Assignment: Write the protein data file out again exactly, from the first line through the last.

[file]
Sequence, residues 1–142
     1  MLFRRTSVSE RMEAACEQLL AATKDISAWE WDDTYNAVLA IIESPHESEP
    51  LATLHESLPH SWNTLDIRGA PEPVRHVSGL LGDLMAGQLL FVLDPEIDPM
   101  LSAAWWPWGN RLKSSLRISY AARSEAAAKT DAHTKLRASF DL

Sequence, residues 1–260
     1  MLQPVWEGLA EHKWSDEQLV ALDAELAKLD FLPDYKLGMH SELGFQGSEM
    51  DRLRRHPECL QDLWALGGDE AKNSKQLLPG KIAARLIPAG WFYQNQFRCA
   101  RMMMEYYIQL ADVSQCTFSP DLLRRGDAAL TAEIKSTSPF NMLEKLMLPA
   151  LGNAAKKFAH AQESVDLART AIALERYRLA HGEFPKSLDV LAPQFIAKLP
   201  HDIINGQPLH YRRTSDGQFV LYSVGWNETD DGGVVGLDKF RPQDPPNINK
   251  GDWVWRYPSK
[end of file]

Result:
Sequence, residues 1–142
     1  MLFRRTSVSE RMEAACEQLL AATKDISAWE WDDTYNAVLA IIESPHESEP
    51  LATLHESLPH SWNTLDIRGA PEPVRHVSGL LGDLMAGQLL FVLDPEIDPM
   101  LSAAWWPWGN RLKSSLRISY AARSEAAAKT DAHTKLRASF DL

Sequence, residues 1–260
     1  MLQPVWEGLA EHKWSDEQLV ALDAELAKLD FLPDYKLGMH SELGFQGSEM
    51  DRLRRHPECL QDLWALGGDE AKNSKQLLPG KIAARLIPAG WFYQNQFRCA
   101  RMMMEYYIQL ADVSQCTFSP DLLRRGDAAL TAEIKSTSPF NMLEKLMLPA
   151  LGNAAKKFAH AQESVDLART AIALERYRLA HGEFPKSLDV LAPQFIAKLP
   201  HDIINGQPLH YRRTSDGQFV LYSVGWNETD DGGVVGLDKF RPQDPPNINK
   251  GDWVWRYPSK